one is successful and no limita-
tions are put on, such building,
could easilyucongestAnn Arbor
traffic beyond repair, make the
parking problem literally impos-
sible and shrink the rest of the
University's campus into absurd-
ity beside the gargantuian build-
High-rise housing problems have
been further complicated by a
series of misunderstandings as to
the nature of the buildings and
of the University's relation to
them. Construction officials at
first were said to have given the
impression that the University had
given full approval to. the project.

This progressed to such an extent
that officials of the Office of Stu-
dent Affairs thought it necessary
to deny any connection with the
building project.
As in many other housing'situa-
tions, the University finds itself
on the horns of, a delemma. On
the! one hand, it wants the ad-
ditional housing and certainly
cannot put itself in the position
of' stifling private enterprise on
its campus for any reason. Yet
it is undeniable that the Univer-
sity has a responsibility to keep
its campus , area functioning
smoothly and reasonably attrac-
tive. The solution to this problem
can lie only in cooperation between
University, city and the builders
concerned. But it is much too early
to tell what form this cooperation
will take or when its effects will
begin to be felt.
The components of the housing
situation, both from the civil
rights standpoint and from the
administrative standpoint must be
clearly separated in our minds.
For theysoperatedentirely indepen-
dent of one another and will have
entirely independent effects and
THERE ARE two things which
must be avoided in thinking about
the housing situation. First, the
complexities and difficulties fac-
ing those attempting to cope with
these problems must never be un-





Begins 16th University Season:
Premier of Memorial to Kennedy


ognized as one of the finest
quartets-in-residence in the coun-
try, is entering its 16th season at.
the University.
For the first of its four Ann
Arbor concerts this year, on Oct. 7,
the Quartet will feature Schubert's
"Quartet in A minor, Op. 29,"
Beethoven's "Quartet in C major,
Op. 59, No. 3" and the premier
performance of the "Quartet No.

hard and Carter have accepted
these commissions and have re-
sponded with imposing composi-
Forty works comprise the con-
temporary portion of an impres-
sive repertoire and the program-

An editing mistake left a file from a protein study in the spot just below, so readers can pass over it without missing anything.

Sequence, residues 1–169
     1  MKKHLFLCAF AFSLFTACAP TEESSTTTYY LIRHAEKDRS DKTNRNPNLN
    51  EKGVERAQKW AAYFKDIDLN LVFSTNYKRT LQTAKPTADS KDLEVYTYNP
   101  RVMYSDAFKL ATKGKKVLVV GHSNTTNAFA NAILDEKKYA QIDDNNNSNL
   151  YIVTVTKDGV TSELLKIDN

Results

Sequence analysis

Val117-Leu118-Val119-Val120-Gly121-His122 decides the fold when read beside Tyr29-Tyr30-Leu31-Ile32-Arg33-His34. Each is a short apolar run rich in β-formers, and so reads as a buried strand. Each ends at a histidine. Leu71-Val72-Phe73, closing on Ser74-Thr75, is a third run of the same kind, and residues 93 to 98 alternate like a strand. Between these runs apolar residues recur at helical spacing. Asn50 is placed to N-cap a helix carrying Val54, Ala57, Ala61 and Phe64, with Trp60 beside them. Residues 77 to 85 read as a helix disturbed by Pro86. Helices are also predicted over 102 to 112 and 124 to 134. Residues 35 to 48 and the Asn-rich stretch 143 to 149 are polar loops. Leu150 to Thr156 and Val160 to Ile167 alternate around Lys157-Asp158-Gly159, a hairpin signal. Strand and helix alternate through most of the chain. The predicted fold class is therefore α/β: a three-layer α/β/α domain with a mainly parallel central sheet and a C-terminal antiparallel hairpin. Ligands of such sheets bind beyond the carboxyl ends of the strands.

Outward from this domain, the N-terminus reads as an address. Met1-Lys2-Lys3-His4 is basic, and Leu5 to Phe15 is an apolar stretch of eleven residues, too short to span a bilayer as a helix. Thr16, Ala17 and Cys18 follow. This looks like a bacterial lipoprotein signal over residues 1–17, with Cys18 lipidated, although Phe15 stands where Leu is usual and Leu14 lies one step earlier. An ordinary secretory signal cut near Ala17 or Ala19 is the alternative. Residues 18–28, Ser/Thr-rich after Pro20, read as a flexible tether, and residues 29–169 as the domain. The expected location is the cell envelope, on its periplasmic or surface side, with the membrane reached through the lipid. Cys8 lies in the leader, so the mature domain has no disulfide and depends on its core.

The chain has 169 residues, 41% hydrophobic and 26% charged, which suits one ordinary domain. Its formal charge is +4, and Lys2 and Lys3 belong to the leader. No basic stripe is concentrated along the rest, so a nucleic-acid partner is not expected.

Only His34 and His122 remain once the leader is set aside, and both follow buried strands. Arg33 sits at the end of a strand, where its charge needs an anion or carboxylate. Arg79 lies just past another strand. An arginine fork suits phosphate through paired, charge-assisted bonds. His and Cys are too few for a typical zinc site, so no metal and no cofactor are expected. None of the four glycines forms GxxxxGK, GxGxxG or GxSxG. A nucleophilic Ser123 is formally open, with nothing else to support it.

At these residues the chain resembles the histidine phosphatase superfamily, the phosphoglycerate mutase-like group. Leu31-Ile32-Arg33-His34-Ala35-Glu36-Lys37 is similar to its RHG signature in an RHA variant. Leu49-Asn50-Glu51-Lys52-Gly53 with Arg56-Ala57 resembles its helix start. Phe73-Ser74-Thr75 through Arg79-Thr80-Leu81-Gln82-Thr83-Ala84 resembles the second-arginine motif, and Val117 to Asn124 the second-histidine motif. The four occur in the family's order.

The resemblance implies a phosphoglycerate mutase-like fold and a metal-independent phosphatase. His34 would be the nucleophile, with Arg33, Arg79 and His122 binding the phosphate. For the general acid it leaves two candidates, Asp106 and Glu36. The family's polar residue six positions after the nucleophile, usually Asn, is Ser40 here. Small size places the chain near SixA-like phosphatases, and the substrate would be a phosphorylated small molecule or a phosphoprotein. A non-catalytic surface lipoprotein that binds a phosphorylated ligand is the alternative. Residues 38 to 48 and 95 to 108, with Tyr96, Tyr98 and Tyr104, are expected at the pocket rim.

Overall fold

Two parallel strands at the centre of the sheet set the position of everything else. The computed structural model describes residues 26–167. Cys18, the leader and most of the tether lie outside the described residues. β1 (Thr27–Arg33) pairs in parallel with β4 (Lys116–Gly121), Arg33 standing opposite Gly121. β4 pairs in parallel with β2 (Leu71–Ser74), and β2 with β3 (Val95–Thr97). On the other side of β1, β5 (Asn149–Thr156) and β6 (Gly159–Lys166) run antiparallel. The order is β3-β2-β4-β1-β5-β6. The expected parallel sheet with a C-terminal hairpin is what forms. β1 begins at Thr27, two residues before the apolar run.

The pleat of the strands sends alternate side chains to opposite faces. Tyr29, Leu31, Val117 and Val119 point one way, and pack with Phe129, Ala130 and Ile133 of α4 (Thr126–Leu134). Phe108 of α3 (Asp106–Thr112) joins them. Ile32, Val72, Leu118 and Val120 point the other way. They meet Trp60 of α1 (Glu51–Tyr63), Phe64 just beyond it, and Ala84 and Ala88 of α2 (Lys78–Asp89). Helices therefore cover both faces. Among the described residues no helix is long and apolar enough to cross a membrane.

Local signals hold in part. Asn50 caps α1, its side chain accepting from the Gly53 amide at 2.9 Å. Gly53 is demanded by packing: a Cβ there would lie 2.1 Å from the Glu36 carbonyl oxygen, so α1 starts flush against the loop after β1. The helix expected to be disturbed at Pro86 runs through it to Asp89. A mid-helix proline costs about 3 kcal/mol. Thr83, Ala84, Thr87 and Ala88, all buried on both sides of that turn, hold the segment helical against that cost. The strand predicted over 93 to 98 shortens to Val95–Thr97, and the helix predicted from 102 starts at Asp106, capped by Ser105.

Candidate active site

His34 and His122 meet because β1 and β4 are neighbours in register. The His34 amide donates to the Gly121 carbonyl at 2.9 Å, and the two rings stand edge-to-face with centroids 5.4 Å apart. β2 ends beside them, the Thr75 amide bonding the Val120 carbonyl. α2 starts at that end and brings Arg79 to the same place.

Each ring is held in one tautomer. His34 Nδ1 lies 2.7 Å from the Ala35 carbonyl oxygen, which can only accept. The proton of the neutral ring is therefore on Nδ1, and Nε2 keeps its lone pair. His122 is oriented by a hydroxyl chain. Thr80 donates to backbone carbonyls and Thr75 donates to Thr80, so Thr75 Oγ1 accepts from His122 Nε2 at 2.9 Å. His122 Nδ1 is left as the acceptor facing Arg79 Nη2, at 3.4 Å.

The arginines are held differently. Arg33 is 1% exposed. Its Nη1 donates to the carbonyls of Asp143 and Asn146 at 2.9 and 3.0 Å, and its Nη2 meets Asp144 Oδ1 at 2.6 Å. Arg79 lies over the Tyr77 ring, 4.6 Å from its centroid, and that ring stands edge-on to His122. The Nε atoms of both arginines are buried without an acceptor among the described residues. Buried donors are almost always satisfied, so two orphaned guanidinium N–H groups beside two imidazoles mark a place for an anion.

ming of one classical, one contem-
porary and one romantic compo-
sition in each concert has become
the trade-mark of this resident
The members of the quartet-
Gilbert Ross and Gustave Rosseels,

year, the composition is in four
sections, played without pause.
"The Quartet is a brief work of
several moods ranging from the
robust, the almost jovial, to a
quiet solemnity. Its totality, how-
ever, is not a programmatic eul-
ogy; it is, rather a musician s
humble statement of remorse."
In addition to four string quar-
tets, Cooper's recent works in-
clude several sonatas-for piano
solo, and for viola, violin, cello,
and flute, each with piano. His

Disqualification Reversal

BARRY BLUESTONE, Student Govern-
ment Council's source of vitality, has
sacrificed principle in rationalizing his
support for disqualifying one student last
week from being 4a candidate for Stu-
dent Government Council.
The student in question was assisted by
friends in getting petitions filled in order
to qualify as a SOC candidate. In so do-
ing an election procedure was violated.
Bluestone, in a letter to the Daily, ex-
plained that he opposed the petition re-
quirement last spring and intended to
attempt to revise the Credentials and
Rules Committee ruling to disqualify the
That the disqualified student would
have been only the seventh in a field of
candidates seeking six offices is adequate
empirical justification for concluding the
petition requirement is neither a neces-
sary nor a desirable qualification for
SGC candidacy. Bluestone is correct in

raised at last week's meeting, it seems
the student in question failed to appear
in person before SGC to appeal the C & R
committee's ruling. Instead a committee
on her behalf pleaded her case. This in
addition to the -assistance she received
obtaining signatures led Bluestone to rea-
sonably, if not correctly, conclude that
she was not running for SGC as an in-
dividual but as the proxy of a committee.
Our inspired SGC representative decid-
ed that such a candidacy "violated the
spirit" of Council. Apparently there is
neither a resolution disqualifying candi-
dates absent from appeal proceedings nor
one articulating the "spirit of SGC." Oth-
erwise these would have been the express-
ed reasons for disqualification.
It appears that he judged it is his prer-
ogative to define and defend the "spirit
of SGC." In order to effect his judgment
he utilized the spuriousapetition ruling.
It is because nuisance laws are used in


4" by ~ Paul Comenr.

violins: Robert Courte. viola: and

"Concerto for Harpsichord and

Back to Top

© 2024 Regents of the University of Michigan